Data minimization can be a powerful – and seemingly simple – data security measure. The term refers to retaining the least amount of personal information necessary in order for an organization to function. Less information means that there is less that the organization needs to protect, and less opportunity for information to be lost or stolen.
Verizon’s 2016 Data Breach Investigations Report doesn’t waste any time providing useful statistics regarding the state of data breaches – they state right on the cover of the report that “89% of breaches had a financial or espionage motive.”
It turns out that IT pros across the pond have the same concerns as here in the U.S., as the survey found that security is the top concern when moving critical applications to cloud. Specifically, 44 percent of U.S. and U.K. IT pros cited external hacking/data breaches as their top concerns, ahead of insider attacks and user error.
A pair of recent cases pitted the U.S. Department of Justice (DOJ) against Apple, Inc. (Apple) in a Herculean struggle between asserted interests in national security and privacy.
Private cloud offerings including SaaS are growing in our industry largely due to the expense in maintaining hardware and security protocols for client data that law firms have traditionally managed.
While cybersecurity risks have increased, government regulation has traditionally lagged behind. Recently, some government entities have tried to catch up by mandating that companies take a proactive approach toward protecting personal and competitively sensitive data. The move is a departure from the traditional reactive response of simply notifying consumers after their personal data is breached.
As the volume and complexity of client data proliferates, protecting client confidentiality only becomes harder. Unfortunately, law firms are often soft targets for hackers because they do not invest heavily in information technology infrastructure and security.
As demonstrated by the so-called “Panama Papers” leak of 11.5 million records from the Panama-based law firm Mossack Fonseca, there’s no doubt that law firms are being targeted by attackers seeking to access, steal and potentially leak their clients’ secrets.
Concerns over compliance and fears of data breaches are key drivers for information management initiatives in the enterprise.
For the eDiscovery community, this is a fascinating scandal because at its root are all the issues we face every day — data privacy, data security, large amounts of structured and unstructured data, finding out as quickly as possible what you have and building a strategy with ongoing information revelations.
Cyber liability insurance has actually been around since the turn of the century (back then it was called Errors and Omissions Insurance). In the early 2000’s, this kind of insurance was only purchased by big technology companies. It’s only now that other, smaller companies are stepping up to manage the risks associated with data breaches.
The new Privacy Shield creates multiple enforcement mechanisms for the EU Data Protection Authorities (DPA’s) and multiple civil and administrative paths for remedies for the EU citizen. Consent requirements are expected to be higher, and there is an expectation that data will be secured.
Our means for gathering data have largely outstripped our tools for analyzing that data. The result is a mountain of unstructured and largely inaccessible information gathered from social media, app permissions, website cookies and hardware and software service agreements.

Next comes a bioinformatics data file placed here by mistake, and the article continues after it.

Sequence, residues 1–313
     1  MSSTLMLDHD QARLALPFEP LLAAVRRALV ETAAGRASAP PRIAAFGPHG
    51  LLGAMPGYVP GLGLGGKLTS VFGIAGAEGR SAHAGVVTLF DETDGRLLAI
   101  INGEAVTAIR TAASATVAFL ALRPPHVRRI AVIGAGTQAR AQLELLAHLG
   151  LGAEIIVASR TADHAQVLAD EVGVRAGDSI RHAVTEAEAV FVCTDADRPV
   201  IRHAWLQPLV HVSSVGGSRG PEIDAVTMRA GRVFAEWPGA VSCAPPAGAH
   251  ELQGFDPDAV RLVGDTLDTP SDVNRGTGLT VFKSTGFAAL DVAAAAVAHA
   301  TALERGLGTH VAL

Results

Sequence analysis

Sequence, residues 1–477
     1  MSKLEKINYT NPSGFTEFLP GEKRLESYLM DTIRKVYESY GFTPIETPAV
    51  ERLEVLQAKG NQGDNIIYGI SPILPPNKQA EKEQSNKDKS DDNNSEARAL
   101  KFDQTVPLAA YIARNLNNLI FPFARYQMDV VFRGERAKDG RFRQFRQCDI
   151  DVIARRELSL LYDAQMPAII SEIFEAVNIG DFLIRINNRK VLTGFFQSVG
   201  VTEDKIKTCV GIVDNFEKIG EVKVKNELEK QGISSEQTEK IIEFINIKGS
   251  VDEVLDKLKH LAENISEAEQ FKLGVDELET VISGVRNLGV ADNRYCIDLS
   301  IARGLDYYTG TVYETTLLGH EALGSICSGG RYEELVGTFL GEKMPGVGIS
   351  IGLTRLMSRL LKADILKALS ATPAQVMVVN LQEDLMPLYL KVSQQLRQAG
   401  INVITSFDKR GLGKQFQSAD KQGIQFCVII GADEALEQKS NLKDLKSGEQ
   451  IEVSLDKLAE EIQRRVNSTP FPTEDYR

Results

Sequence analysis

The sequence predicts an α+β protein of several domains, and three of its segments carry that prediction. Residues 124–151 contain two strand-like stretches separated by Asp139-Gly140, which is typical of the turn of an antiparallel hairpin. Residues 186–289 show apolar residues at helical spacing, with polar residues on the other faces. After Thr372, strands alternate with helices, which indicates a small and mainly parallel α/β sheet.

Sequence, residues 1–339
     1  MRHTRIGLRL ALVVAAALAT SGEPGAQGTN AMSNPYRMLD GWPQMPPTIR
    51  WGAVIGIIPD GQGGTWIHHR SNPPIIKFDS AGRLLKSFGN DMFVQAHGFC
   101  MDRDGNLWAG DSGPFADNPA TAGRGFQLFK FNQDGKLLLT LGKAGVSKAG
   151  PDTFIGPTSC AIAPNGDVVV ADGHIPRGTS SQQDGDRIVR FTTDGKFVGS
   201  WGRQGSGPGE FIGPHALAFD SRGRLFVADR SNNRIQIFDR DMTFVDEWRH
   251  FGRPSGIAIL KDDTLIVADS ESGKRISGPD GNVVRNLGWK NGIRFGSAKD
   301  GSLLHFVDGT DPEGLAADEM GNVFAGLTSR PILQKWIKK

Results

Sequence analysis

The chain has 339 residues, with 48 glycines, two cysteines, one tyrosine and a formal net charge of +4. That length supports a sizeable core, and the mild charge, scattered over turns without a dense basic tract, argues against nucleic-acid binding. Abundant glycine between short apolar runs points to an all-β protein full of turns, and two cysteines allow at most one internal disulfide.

E-discovery is an example of the legal market trying to get a handle on the vaulting demands of the real world.
From the malicious to the unintentional, cyber incidents continue to increase in frequency, severity, and cost to companies. The Ponemon Institute estimates that data breaches now cost companies an average of $174 per record, with many breaches running into the high thousands or millions of records.
An international team of journalists has obtained what it’s referring to as the “biggest leak in history”: A 2.6-terabyte stash of data about offshore savings and tax havens from Panama-based legal firm Mossack Fonseca.
The accelerating growth of cloud-based legal technology usage is driving increased litigator attention on the determination of what constitutes acceptable and defensible data and application security.
More objects are becoming embedded with sensors and gaining the ability to communicate. The resulting information networks promise to create new business models, improve business processes, and reduce costs and risks.
A survey released on Tuesday suggests the federal government’s recommended framework for how companies can reduce their cybersecurity risk is gaining traction.
Fighting the move to the cloud is a losing battle. But that doesn’t mean we have to throw our arms up and give up on mitigating risk through other means.
Information Governance isn’t just technology driven, nor is it solely business driven. It is a partnership between business and technology. Both must be present in the program.
According to the Identity Theft Resource Center there were a total of 110 data breaches and almost 1.8 million records exposed during just the first two months of 2016.
The fact is that, of the nearly 5,000 publicly-known data breaches over the past dozen or so years, less than 5% have resulted in litigation. If your cyber coverage only kicks in when a third party makes a claim, then practically speaking you may not have any coverage at all.
The field has also seen a healthy proliferation of industry intelligence identifying the current best solutions on the market and the better-known vendors providing them.